Wilson already has what other cities are begging for

Hats off to Topeka, Kansas, a.k.a. Google, Kansas. The city believes so strongly in faster broadband speeds that they have unofficially changed their name to attract Google. Google Fiber for the Communities hopes to: “test ultra-high speed broadband networks in one or more trial locations across the country.” Fiber brings speeds that blow away the old copper stuff.

Before I say anything else, I need to remind you that Wilson already has what Topeka wants; fiber to the home. Wilson’s slowest residential speed is 10M down and 10M up. You can go all the way up to 100M, if you choose. And, Greenlight is owned by the community.

Now, back to Topeka. Here’s an excerpt from a story at CNN:

The company has said U.S. Internet speeds are falling behind the global standard, and it wants to fix things itself by installing new broadband cable. (Mayor) Bunten hopes the proclamation, which he read at a special City Council meeting on Monday, will catch Google’s attention and make the Internet company decide to use Topeka as its guinea pig. The document renames Topeka as “Google, Kansas — the capital city of fiber optics.”

Good luck, Topeka. Fiber optics are a wonderful thing. If you ever want to try out some true broadband speeds, we’d be happy to show you in Wilson.

Another place where community broadband is working

The Economist did a great story recently about  our friends in Bristol, Virginia. Bristol, like Wilson, ran its first fiber a few years ago to connect City facilities, then made it available to everyone after people in town asked for it.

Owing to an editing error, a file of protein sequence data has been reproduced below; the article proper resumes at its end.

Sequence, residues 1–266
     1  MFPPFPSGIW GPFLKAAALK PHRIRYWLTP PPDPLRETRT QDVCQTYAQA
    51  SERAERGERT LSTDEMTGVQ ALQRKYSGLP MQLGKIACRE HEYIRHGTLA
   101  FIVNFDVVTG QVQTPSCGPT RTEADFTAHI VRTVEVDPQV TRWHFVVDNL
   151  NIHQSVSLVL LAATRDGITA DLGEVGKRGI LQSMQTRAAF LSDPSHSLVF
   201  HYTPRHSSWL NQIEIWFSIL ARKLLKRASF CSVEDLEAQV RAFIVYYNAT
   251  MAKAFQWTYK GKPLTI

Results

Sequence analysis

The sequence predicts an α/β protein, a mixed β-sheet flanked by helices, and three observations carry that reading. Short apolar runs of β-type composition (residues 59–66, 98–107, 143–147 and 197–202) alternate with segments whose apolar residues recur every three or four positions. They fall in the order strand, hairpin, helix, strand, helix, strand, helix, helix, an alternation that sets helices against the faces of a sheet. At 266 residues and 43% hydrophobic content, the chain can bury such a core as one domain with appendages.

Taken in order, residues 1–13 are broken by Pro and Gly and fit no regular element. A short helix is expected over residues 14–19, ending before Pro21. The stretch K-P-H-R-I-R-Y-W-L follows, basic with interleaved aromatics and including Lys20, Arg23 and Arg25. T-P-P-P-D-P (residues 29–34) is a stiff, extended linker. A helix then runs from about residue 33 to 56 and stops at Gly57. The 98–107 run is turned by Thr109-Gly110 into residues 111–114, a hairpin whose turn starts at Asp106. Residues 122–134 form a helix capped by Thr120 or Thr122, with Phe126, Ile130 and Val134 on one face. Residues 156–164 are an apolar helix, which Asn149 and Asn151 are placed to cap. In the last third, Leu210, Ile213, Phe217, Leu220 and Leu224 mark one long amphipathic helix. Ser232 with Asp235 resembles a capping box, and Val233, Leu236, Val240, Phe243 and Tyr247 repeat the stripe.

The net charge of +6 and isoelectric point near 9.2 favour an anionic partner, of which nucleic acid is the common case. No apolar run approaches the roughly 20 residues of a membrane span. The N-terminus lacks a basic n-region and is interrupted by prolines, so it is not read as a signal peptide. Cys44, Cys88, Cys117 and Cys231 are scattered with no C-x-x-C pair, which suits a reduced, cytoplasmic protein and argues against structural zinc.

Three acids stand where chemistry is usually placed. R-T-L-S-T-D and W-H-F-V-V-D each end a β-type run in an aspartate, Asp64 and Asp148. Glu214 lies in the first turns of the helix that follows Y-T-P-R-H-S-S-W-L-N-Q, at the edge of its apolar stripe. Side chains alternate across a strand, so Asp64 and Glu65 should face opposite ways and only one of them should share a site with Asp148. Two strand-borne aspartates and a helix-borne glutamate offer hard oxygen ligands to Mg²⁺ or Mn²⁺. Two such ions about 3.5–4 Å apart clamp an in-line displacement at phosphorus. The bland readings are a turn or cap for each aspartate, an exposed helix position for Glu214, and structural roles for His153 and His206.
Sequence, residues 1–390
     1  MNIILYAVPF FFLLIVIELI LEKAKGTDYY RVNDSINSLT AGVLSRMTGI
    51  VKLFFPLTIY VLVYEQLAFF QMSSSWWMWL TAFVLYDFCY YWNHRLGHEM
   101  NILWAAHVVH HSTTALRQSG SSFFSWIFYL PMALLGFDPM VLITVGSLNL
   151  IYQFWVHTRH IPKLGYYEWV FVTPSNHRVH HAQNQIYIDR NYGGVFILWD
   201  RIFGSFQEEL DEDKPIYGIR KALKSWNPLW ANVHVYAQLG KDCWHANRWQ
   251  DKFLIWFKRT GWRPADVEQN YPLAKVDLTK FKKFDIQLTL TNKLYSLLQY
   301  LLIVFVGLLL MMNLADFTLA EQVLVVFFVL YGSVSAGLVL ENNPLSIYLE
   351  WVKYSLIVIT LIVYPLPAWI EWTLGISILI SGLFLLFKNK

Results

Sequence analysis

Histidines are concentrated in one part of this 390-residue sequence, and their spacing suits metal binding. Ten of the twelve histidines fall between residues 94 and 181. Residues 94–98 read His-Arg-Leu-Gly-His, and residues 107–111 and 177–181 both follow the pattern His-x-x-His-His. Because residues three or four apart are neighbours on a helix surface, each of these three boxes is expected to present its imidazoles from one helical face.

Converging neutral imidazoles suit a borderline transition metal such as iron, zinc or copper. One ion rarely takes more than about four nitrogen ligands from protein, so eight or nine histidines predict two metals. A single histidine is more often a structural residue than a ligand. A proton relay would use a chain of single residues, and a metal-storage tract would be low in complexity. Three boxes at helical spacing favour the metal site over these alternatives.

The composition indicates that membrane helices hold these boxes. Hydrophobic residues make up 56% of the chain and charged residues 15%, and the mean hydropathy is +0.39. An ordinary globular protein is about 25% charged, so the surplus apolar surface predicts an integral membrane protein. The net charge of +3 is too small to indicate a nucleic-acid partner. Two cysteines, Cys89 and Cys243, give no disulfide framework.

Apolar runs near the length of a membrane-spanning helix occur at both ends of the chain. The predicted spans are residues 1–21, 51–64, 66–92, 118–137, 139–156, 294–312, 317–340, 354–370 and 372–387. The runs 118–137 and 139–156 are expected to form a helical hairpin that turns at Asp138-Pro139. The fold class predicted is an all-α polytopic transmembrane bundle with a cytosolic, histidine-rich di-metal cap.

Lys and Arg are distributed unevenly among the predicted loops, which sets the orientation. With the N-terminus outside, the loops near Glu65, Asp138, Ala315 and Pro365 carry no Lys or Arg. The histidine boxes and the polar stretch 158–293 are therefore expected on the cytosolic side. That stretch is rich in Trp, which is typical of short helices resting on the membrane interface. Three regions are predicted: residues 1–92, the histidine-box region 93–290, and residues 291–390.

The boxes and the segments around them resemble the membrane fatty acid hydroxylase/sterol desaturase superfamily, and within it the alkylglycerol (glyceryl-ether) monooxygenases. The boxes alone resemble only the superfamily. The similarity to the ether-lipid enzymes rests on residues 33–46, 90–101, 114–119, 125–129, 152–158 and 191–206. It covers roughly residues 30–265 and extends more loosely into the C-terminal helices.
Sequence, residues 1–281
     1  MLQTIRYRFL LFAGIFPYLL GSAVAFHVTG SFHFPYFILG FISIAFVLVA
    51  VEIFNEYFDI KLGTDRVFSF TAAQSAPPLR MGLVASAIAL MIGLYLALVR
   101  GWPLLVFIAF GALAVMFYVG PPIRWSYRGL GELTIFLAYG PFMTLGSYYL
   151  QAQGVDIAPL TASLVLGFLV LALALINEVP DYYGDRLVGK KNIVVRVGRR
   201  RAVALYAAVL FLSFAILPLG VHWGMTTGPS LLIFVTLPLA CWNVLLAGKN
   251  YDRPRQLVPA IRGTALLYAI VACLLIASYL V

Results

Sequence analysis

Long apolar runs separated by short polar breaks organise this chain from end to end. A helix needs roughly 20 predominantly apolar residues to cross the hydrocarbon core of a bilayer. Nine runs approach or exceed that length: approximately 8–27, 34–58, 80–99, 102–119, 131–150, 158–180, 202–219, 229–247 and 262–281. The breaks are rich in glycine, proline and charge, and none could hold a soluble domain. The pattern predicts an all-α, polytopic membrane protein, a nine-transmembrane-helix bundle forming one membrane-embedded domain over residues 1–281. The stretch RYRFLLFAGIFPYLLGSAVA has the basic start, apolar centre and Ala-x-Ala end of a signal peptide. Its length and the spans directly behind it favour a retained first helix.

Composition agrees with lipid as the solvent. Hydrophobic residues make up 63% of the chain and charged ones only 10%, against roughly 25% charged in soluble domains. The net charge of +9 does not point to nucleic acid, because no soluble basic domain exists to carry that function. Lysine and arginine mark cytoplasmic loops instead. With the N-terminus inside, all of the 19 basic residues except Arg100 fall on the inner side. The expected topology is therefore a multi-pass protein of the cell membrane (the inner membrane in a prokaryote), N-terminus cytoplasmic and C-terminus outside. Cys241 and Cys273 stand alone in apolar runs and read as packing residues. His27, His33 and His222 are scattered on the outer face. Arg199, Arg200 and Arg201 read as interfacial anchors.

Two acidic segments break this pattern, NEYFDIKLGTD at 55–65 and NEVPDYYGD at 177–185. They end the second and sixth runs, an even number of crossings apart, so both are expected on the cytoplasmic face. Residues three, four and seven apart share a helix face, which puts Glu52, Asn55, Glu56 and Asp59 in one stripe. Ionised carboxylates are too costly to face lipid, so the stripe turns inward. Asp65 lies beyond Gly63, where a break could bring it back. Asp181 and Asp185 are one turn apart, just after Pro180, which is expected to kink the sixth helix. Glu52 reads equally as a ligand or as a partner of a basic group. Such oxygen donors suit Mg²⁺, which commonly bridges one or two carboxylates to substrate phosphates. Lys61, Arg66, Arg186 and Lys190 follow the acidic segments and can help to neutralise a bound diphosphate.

In fact, when Wilson was building its fiber ring several years ago, several local businesses asked the guys stringing up the fiber if they could connect, too.

Here’s a segment of the article: “The Federal Communications Commission will have to take up this matter when it sends its broadband plan to Congress in March. Since 1995, at the urging of telecoms companies, 18 states have erected barriers to entry for municipal utilities.”

The private cable monopolies in NC continue their efforts to prevent cities and towns from making their own decisions regarding next-generation communication. The NC Legislature returns to Raleigh for the short session in a couple of months.

“Does anyone even NEED 100Mbps?”

That’s a paraphrase of a statement a cable company rep. told a reporter in this area not long ago when referring to Wilson’s municipal fiber optic network. After all, most people in the US are lucky to get 6Mbps download (and a fraction of that upload).

Wilson offers 100Mbps residential service today through Greenlight. Will there ever be mainstream demand for it, like the cable guy says? Check out what’s happening in South Korea where five MILLION residents have 100Mbps service in their homes. From Telecoms Korea:

The number of 100 Mbps Internet subscribers in Korea passed 5 million as of April, according to industry statistics.

Among 12.7 million Internet subscribers, 5.1 million (about 40 percent) subscribers are using high-speed Internet. The portion of 100 Mbps Internet subscribers rose from 20 percent in 2006 to 29 percent in 2007, and then 39 percent in 2008.

Some would have you believe that Americans don’t NEED triple-digit speeds. I think our friends in Korea would suggest otherwise.

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